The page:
Today the 17 ministers of Finance are gathered in Wroclaw, Poland, to dig out solutions for the (general) sovereign debt crisis while simultaneously having to deal with an urgent solution to the “Greek” problem (in terms of the most pressing financing needs). Vitor Constancio (ECB Board Member) told the press this morning that contagion to Portugal is always possible as long as the present (Greek) situation is not clarified (and resolved).(click here)
Such statement comes one day after both Merkel and Sarkozy have reaffirmed Greece’s place in the Monetary Union and reiterated their countries’ support to finding a solution that must prevent the country from abandoning the Euro-area. Timothy Geithner has also urged for a credible, coherent and quick Euro-zone response to the present conjuncture advocating that both the European Commission and the ECB still have several tools at their disposal. Despite these voices, Nouriel Roubini (Dr. “Doom”) published today an economic research piece in Roubini Global Economics entitled “Greece should default and abandon the Euro”. His views are that “Greece is insolvent, uncompetitive and stuck in an ever-deepening recession, exacerbated by harsh and excessive fiscal consolidation.” Some arguments are a bit too pushy, particularly when he compares the Greek with the Argentinean case. Portugal is also briefly mentioned (but not Ireland) with respect to some economic similarities shared with the Greek economy (such as the competitiveness issue) and the possibility of becoming the next “default” victim.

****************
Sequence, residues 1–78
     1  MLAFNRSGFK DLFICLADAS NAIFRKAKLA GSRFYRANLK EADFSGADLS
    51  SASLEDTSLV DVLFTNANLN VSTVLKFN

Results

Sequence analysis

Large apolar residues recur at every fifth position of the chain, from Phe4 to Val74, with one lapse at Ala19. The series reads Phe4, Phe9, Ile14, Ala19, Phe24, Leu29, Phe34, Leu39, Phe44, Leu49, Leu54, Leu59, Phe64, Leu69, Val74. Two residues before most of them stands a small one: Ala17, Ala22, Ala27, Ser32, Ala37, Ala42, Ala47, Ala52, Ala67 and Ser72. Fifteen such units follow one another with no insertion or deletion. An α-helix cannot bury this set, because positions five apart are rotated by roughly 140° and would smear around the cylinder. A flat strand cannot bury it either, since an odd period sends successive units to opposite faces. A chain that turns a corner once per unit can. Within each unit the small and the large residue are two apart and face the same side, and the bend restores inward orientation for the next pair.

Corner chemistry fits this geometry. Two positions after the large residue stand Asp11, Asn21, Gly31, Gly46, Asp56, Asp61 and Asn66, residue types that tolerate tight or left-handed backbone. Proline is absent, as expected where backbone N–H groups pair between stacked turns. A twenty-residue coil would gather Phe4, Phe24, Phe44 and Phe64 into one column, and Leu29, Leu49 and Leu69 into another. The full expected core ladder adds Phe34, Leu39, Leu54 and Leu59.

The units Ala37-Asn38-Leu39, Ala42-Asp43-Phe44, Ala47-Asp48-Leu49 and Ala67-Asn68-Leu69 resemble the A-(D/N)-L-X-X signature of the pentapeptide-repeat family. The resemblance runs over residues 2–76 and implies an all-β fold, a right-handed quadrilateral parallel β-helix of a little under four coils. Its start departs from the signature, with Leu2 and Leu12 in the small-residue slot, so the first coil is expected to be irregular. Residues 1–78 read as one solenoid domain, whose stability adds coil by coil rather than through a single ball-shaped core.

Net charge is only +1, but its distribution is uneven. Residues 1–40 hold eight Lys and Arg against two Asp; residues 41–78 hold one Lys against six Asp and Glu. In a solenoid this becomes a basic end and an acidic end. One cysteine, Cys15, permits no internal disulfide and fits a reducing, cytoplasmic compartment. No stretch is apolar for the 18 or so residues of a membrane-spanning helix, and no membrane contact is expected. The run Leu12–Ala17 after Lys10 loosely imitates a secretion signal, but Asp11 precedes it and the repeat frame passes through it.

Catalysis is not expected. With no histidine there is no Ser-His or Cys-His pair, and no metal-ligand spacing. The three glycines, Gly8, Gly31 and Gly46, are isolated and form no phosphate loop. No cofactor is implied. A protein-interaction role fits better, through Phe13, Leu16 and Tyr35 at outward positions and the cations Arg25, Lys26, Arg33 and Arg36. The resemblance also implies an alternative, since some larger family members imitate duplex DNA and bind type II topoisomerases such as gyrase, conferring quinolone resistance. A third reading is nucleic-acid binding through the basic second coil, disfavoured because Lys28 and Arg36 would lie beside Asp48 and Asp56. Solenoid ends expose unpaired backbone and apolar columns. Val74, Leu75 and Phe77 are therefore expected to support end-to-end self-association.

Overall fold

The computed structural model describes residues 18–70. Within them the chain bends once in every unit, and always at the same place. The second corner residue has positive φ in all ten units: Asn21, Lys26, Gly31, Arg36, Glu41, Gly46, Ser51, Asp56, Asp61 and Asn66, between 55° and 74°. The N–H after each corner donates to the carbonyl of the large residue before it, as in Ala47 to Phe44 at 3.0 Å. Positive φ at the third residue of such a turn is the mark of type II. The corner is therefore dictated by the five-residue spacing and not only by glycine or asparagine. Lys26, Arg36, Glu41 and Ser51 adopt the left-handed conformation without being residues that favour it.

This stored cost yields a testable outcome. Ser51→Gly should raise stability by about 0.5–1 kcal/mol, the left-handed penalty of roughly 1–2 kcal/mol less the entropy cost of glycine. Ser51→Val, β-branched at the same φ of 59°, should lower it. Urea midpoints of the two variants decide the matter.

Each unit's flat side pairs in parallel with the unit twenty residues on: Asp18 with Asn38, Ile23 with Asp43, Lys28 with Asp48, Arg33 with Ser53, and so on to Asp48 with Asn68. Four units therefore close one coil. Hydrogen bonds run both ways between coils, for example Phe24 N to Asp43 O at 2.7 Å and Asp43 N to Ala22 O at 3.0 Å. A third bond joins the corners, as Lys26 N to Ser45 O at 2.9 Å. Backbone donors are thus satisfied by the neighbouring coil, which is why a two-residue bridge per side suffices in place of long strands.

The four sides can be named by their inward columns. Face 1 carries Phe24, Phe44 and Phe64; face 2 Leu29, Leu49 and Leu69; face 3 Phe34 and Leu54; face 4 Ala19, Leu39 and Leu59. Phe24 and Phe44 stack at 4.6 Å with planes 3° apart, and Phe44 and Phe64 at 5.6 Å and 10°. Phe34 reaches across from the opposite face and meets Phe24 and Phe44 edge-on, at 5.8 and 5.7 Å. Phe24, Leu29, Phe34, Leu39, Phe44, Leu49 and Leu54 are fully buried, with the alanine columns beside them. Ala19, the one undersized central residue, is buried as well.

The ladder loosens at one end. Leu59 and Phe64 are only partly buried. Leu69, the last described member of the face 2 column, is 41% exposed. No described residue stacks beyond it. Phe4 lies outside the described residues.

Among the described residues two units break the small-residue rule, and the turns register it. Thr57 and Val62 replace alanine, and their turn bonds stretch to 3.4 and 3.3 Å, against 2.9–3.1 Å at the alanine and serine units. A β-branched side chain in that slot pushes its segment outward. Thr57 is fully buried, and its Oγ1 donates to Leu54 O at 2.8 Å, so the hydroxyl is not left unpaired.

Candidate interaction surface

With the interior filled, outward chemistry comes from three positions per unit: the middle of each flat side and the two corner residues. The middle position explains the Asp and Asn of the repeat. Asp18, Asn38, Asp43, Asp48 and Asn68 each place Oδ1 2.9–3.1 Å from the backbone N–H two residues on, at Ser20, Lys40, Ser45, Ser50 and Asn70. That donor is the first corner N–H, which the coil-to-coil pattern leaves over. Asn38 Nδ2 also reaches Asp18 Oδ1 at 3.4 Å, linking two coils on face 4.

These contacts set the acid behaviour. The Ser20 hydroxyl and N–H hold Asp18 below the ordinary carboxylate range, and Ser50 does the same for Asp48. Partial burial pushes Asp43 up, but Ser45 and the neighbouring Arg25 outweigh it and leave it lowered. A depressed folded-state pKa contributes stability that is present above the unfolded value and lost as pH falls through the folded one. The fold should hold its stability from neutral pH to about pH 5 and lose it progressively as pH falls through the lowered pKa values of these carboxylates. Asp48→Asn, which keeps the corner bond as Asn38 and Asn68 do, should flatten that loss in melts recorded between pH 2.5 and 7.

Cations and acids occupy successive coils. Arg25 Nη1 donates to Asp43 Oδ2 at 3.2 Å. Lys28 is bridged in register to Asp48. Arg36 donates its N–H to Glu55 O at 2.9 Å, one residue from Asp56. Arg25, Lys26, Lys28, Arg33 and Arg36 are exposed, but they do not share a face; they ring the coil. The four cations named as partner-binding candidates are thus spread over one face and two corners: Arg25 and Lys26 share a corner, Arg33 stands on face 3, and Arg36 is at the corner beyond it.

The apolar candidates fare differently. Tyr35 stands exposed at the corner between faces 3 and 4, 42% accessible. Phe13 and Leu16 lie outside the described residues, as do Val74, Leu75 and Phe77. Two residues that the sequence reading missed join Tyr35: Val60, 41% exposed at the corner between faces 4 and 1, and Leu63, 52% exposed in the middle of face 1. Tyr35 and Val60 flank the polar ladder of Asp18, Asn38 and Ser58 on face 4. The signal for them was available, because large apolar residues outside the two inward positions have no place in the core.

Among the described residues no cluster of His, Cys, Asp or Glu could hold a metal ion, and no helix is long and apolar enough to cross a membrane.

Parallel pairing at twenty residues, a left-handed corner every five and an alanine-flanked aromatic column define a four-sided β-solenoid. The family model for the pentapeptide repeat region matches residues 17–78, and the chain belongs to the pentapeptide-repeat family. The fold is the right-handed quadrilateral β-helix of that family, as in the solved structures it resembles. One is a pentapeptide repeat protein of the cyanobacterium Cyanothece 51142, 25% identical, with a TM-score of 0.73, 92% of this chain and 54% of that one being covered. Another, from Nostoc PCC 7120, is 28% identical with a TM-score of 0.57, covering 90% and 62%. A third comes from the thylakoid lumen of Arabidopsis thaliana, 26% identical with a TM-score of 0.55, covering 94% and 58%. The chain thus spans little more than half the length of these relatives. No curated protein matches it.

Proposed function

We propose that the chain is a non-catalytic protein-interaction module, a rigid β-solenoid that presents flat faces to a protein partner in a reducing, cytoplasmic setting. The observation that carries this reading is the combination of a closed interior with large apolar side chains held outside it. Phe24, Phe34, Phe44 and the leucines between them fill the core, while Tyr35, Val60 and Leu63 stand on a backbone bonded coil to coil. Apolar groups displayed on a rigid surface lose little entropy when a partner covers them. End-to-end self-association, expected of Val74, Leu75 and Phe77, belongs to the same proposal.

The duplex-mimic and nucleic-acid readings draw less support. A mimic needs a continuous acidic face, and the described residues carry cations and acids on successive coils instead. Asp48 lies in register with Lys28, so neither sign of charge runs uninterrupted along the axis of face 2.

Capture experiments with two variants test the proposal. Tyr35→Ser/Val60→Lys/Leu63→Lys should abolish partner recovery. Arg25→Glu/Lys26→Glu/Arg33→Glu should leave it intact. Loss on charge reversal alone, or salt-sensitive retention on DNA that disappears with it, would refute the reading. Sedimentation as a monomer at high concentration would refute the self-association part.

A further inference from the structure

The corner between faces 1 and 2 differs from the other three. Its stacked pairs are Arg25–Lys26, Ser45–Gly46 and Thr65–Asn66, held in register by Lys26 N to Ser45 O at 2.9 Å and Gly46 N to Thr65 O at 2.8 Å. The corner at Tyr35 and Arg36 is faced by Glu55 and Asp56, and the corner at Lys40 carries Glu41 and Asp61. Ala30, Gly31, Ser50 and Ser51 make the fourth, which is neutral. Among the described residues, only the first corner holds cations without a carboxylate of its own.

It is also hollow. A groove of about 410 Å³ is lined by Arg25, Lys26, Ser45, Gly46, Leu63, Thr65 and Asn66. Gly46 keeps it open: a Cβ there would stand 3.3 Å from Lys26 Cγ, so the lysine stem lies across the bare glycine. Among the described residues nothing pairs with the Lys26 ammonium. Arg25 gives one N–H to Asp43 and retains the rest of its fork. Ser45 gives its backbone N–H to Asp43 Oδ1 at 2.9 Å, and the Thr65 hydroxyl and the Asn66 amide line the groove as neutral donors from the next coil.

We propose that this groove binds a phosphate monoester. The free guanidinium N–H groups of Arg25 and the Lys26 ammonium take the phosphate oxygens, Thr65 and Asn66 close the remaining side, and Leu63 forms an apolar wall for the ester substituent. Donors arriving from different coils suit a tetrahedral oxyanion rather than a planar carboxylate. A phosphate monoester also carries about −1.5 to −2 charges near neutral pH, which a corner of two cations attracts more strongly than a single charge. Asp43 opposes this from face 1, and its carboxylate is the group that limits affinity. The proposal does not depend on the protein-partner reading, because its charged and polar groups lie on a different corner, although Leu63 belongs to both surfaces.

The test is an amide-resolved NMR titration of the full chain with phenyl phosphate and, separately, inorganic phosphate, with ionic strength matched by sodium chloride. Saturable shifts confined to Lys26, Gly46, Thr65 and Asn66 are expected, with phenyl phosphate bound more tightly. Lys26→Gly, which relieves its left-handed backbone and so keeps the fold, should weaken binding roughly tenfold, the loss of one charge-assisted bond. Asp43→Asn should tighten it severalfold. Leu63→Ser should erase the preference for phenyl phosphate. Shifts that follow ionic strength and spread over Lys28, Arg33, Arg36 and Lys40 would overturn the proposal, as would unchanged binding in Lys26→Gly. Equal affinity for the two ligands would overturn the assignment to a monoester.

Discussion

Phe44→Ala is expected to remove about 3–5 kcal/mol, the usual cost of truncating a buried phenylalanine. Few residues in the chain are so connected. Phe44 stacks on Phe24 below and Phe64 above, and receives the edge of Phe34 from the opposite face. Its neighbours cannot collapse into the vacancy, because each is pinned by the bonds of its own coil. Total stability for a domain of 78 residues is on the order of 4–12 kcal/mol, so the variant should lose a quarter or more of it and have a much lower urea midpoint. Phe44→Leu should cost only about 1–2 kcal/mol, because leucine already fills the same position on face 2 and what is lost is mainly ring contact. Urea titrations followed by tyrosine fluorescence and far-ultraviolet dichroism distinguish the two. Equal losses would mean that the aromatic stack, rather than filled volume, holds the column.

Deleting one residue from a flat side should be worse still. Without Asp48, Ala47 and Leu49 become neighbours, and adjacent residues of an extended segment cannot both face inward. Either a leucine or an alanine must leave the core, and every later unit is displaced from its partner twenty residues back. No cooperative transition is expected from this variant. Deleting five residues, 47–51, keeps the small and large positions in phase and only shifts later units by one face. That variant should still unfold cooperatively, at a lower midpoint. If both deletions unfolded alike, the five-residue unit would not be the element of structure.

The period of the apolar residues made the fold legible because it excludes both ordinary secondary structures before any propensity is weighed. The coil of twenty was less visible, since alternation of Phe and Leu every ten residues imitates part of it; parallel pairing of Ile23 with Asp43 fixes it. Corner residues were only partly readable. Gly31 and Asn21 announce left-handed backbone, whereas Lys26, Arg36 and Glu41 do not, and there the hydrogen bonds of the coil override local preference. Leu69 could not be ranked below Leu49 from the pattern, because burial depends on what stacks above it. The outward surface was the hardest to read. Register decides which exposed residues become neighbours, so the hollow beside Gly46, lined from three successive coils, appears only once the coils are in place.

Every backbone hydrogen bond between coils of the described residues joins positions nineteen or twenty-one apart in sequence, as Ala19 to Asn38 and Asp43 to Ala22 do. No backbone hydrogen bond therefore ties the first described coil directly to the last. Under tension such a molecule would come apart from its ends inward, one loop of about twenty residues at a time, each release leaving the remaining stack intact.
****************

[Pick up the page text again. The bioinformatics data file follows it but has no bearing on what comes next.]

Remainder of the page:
Irrespectively of who says what and where is the reason, the general public can, nevertheless, witness the absence of a unifying (and unique) “voice” in Europe as well as the lack of concrete plan of action to enforce…
Today’s article on the Economist, “Fighting for its life” (click here), suggests/asks for a greater role of the ECB, particularly given the growing financing difficulties of the banking system as a whole. Estimates from Goldman Sachs advert to the fact that Europe’s 38 largest banks may need between 30-92 billion euros in extra capital to cope with haircuts to Greek, Irish and Portuguese government bonds (as well as losses in Italian and Spanish government debt). IMF’s projections are even worse.
In face of increasing pressures from the financial markets, the 17 members may need to take measures to increase the scope and firepower of the European Financial Stability Facility (EFSF), Europe’s bailout fund. At the same time, the ongoing discussions about ECB’s willingness to buy without limit the bonds of solvent Euro-zone countries as well as the question regarding the issuing of Euro-bonds, does not seem to be heading towards generalized consensus. In the end, it is all about credibility and time (in-)consistency of policy-based (political?) actions.